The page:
Global agriculture has an enormously detrimental effect on the environment and biodiversity. Food products and their embodied systems of industrialized agriculture are degrading immense areas of landscape in “out-of-sight, out-of-mind” locations. These systems of agriculture typically have widespread effects on the local biodiversity of each region through toxic pesticides, fertilizers and chemicals that pollute soils, waterways and groundwater, not to mention farmers culling native “pest” species that find their agricultural crops more appealing than the surrounding indigenous flora. This is exacerbated by the food miles travelled by the average shopping basket.4 Eating sustainably helps to strengthen biodiversity.
Biodiversity does not simply entail indigenous biodiversity, as biological diversity encompasses all life forms. Agrobiodiversity (agricultural biodiversity) is a much more pressing concern to twenty-two million Australians relying on the Australian and global food systems for their daily sustenance. These food systems are rapidly reducing agrobiodiversity. Since 1900, the world has lost more than 90 percent of the global genetic biodiversity in now-extinct food plants, as a result of industrialization and globalization of agriculture.5 As a signatory of the United Nations Convention on biological diversity, Australia has an obligation to preserve agrobiodiversity, an obligation that is failing to be met as we no longer maintain seed banks of edible species.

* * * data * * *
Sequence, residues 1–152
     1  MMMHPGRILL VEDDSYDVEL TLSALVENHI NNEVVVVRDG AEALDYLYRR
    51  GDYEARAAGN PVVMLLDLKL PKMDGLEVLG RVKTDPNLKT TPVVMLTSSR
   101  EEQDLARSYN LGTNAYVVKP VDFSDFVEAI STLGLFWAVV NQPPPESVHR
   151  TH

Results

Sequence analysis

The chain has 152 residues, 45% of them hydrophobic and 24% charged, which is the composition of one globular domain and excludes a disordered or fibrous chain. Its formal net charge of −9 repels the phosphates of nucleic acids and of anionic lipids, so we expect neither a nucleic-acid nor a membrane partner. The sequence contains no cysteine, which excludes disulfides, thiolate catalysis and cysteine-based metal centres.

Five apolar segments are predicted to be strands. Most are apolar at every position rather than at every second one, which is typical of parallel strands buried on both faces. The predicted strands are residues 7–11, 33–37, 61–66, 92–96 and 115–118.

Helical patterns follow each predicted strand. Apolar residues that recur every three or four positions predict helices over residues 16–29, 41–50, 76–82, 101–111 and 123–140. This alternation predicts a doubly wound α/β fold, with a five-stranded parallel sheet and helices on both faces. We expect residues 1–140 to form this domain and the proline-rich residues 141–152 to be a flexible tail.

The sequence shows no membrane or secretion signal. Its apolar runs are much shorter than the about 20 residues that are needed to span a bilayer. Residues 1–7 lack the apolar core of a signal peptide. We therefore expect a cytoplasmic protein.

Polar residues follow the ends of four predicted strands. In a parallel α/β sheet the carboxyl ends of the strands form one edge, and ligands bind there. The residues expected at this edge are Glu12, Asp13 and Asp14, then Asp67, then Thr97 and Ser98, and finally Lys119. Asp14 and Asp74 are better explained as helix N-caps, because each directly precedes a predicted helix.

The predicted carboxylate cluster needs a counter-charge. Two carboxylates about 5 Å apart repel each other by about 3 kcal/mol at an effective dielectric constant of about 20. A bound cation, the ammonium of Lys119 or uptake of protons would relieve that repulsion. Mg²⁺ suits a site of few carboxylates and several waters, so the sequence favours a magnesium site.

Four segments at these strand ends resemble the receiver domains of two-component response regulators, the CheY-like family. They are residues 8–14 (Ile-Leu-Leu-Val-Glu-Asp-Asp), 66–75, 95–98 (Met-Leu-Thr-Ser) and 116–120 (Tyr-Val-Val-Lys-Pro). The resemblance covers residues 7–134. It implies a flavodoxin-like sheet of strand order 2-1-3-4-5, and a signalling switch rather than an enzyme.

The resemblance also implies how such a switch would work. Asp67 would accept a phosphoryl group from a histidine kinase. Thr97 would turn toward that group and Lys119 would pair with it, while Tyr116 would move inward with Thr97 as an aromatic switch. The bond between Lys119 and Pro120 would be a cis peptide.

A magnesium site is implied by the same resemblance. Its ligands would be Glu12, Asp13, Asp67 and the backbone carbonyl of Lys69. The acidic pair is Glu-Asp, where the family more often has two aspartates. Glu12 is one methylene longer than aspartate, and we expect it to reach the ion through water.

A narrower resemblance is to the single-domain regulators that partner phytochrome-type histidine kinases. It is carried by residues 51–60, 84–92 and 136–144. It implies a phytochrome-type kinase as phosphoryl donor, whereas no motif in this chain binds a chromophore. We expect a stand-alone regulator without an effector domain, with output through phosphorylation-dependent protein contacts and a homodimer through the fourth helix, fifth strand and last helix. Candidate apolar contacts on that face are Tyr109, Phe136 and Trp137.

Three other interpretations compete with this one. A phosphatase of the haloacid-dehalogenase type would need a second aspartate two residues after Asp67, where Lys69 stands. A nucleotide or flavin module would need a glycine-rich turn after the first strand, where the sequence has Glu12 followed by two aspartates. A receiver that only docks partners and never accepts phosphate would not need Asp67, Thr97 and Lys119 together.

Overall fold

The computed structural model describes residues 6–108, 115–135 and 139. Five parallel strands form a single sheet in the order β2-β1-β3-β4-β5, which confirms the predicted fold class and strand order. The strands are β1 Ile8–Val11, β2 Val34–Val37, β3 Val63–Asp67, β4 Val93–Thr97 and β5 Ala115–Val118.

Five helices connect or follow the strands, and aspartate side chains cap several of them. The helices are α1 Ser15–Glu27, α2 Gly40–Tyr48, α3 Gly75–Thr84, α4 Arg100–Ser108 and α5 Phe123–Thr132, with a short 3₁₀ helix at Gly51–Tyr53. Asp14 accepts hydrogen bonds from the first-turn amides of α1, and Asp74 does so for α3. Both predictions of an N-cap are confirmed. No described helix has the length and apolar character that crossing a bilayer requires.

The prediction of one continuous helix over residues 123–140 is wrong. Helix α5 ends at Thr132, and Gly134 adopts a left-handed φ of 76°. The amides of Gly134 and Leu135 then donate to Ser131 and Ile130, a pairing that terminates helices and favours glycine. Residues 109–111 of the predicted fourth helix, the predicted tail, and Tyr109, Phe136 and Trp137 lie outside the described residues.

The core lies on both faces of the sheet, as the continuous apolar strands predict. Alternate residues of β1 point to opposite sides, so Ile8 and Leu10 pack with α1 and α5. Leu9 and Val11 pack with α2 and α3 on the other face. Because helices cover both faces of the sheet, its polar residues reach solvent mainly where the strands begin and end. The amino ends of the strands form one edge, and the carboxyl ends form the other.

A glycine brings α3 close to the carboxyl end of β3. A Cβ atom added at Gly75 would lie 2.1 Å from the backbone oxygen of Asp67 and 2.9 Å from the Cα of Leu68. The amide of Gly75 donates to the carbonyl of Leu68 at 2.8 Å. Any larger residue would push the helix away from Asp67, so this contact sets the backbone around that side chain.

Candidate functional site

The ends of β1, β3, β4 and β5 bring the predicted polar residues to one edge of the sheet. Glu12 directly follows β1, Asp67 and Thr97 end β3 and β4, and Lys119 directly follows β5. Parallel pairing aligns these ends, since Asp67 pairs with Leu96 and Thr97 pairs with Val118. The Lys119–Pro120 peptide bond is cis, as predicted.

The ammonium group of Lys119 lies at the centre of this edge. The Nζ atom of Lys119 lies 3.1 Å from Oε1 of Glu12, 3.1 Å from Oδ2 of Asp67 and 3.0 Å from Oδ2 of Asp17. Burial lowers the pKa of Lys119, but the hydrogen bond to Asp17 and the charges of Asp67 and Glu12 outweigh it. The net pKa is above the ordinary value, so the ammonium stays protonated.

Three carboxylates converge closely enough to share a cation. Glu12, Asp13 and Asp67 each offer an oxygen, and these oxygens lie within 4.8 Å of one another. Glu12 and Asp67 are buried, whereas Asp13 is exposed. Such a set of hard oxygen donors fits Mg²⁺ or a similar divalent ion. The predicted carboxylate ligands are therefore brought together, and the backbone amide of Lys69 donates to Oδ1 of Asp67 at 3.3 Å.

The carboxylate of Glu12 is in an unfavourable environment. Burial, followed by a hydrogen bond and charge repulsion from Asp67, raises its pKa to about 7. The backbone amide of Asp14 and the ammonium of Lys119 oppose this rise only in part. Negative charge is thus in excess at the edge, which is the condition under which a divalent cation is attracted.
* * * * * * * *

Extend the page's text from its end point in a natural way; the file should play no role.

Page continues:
Indigenous biodiversity undoubtedly has its place in landscape regimes and serves a fundamental role in shifting from an anthropocentric culture to one that considers other species and life forms. This article does not suggest that indigenous biodiversity should be abandoned, rather that it should be examined appropriately with respect to context. One such successful marriage of edible “foodscapes” and indigenous biodiversity is the organic farm and permaculture education centre, the Food Forest in Gawler, South Australia. From denuded land devoid of productivity and biodiversity, it now grows around 150 varieties of edible crops, while about 25 percent of the land has been revegetated with indigenous species, attracting numerous native species of fauna. A healthy colony of brush-tailed bettongs has been established in the fruit and nut orchards and the bettongs (woylies) adore soursob bulbs (oxalis), a common weed and pest species to farmers. It is another win–win scenario where food crops and fauna species coexist in an indigenous and exotic harmony that is mutually beneficial.